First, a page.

'I actually meant the opposite of what I said': Trump backpedals on Russian interference statement
President Donald Trump has sensationally backflipped on his comments about Russian meddling in the 2016 US election, saying he meant the opposite of what he said in Helsinki.
Speaking to reporters at the White House, the president wanted to "clarify" that he misspoke in his press conference with Russian counterpart Vladimir Putin.
Mr Trump has come under blistering bipartisan criticism for his comments after the summit with Mr Putin in Finland early yesterday morning.
"The sentence should have been, 'I don't see any reason why I wouldn't, or why it wouldn't be Russia" instead of "why it would," Mr Trump said.
But he added: "It could be other people also. A lot of people out there. There was no collusion at all."
Mr Trump also said he accepted the American intelligence community's conclusion that Russia interfered in the election, but he denied that his campaign had colluded in the effort.
Moments earlier, Senate Republican leader Mitch McConnell issued a public reassurance to US allies in NATO and Europe with whom Trump clashed during his frenzied Europe trip last week.
"The European countries are our friends, and the Russians are not," Mr McConnell said.
Mr Trump maintained yesterday's summit with Mr Putin went "even better" than his meeting with NATO allies.
The reaction to the president's comments were immediate and visceral, among fellow Republicans as well as usual Trump critics. "Shameful," ''disgraceful," ''weak," were a few of the comments. Makes the US "look like a pushover," said Republican Senator Bob Corker of Tennessee.
On Capitol Hill, top Republican leaders said they were open to slapping fresh sanctions on Russia but showed no signs of acting any time soon.
"Let's be very clear, just so everybody knows: Russia did meddle with our elections," said House Speaker Paul Ryan. "What we intend to do is make sure they don't get away with it again and also to help our allies."
In the Senate, Democratic leader Chuck Schumer of New York called for Secretary of State Mike Pompeo and other top officials to appear before Congress and tell exactly what happened during Mr Trump's two-hour private session with Putin.
In the House, Democratic leader Nancy Pelosi planned a vote in support of the intelligence committee's findings that Russia interfered in the 2016 election.
Mr Trump's meeting with Mr Putin in Helsinki was his first time sharing the international stage with a man he has described as an important US competitor — but whom he has also praised a strong, effective leader.
His remarks, siding with a foe on foreign soil over his own government, was a stark illustration of Mr Trump's willingness to upend decades of US foreign policy and rattle Western allies in service of his political concerns.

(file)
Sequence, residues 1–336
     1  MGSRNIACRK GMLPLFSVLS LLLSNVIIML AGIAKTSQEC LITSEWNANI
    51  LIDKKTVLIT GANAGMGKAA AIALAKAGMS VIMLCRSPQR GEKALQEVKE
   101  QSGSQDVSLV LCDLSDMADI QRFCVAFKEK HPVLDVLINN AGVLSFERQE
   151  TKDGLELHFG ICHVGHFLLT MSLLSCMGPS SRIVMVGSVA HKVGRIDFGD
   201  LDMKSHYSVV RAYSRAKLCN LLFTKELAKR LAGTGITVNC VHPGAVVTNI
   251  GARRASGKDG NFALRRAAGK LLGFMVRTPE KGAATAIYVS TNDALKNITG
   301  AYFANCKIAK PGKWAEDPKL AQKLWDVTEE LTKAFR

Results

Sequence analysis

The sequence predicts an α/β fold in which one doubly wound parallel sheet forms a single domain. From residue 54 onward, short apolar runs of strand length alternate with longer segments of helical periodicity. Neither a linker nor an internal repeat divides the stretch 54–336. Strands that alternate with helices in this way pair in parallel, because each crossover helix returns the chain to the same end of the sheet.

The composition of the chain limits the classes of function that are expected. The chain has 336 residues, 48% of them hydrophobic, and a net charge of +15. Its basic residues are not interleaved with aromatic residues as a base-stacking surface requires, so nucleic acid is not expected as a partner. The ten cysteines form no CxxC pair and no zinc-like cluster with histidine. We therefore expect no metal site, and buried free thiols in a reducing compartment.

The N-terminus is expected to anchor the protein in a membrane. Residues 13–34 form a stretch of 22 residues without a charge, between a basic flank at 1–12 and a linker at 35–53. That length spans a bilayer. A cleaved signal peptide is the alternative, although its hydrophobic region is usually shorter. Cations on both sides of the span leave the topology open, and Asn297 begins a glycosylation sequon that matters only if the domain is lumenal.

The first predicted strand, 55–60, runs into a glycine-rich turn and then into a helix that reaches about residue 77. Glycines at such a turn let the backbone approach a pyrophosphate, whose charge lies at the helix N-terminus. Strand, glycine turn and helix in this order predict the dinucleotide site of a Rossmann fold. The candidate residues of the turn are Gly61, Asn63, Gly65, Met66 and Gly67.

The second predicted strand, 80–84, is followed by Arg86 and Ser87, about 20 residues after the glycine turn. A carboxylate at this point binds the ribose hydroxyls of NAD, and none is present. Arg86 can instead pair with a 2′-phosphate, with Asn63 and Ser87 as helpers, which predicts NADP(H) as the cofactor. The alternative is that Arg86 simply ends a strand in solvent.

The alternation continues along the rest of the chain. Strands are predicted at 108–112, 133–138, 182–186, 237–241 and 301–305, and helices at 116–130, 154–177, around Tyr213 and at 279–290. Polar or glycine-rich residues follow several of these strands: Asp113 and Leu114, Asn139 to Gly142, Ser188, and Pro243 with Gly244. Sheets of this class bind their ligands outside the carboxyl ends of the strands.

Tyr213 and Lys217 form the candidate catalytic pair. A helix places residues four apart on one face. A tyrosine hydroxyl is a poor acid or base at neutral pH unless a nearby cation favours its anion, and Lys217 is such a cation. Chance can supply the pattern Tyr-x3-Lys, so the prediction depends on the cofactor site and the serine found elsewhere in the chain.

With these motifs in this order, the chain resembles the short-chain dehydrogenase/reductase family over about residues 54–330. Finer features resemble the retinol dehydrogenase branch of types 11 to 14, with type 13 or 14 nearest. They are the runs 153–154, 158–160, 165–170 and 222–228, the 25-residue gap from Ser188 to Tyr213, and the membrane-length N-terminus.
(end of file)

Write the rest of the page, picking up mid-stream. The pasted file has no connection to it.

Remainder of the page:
A wary and robust stance toward Russia has been a bedrock of his party's world view. But Mr Trump made clear he feels that any acknowledgement of Russia's election involvement would undermine the legitimacy of his election.
Standing alongside Putin, Trump steered clear of any confrontation with the Russian, going so far as to question American intelligence and last week's federal indictments that accused 12 Russians of hacking into Democratic email accounts to hurt Hillary Clinton in 2016.
"I have great confidence in my intelligence people, but I will tell you that President Putin was extremely strong and powerful in his denial today.
"He just said it's not Russia. I will say this: I don't see any reason why it would be," Mr Trump said yesterday.
Fellow Republican politicians have generally stuck with Trump during a year and a half of turmoil, but he was assailed as seldom before as he returned home from what he had hoped would be a proud summit with Putin.
Senator John McCain was most outspoken, declaring that Mr Trump made a "conscious choice to defend a tyrant" and achieved "one of the most disgraceful performances by an American president in memory."
Kentucky Senator Rand Paul emerged as one of the president's few defenders from his own party. He defended Trump's skepticism to CBS News citing the president's experience on the receiving end of "partisan investigations."
Back at the White House, Mr Paul's comments drew a presidential tweet of gratitude. "Thank you @RandPaul, you really get it!" Mr Trump tweeted.
In all, Trump's remarks amounted to an unprecedented embrace of a man who for years has been isolated by the US and Western allies for actions in Ukraine, Syria and beyond.
And it came at the end of an extraordinary trip to Europe in which Mr Trump had already berated allies, questioned the value of the NATO alliance and demeaned leaders including Germany's Angela Merkel and Britain's Theresa May.
In Helsinki, Mr Putin said he had indeed wanted Mr Trump to win the election — a revelation that might have made more headlines if not for Trump's performance — but had taken no action to make it happen.
"Yes, I wanted him to win because he spoke of normalization of Russian-US ties," Mr Putin said. "Isn't it natural to feel sympathy to a person who wanted to develop relations with our country? It's normal."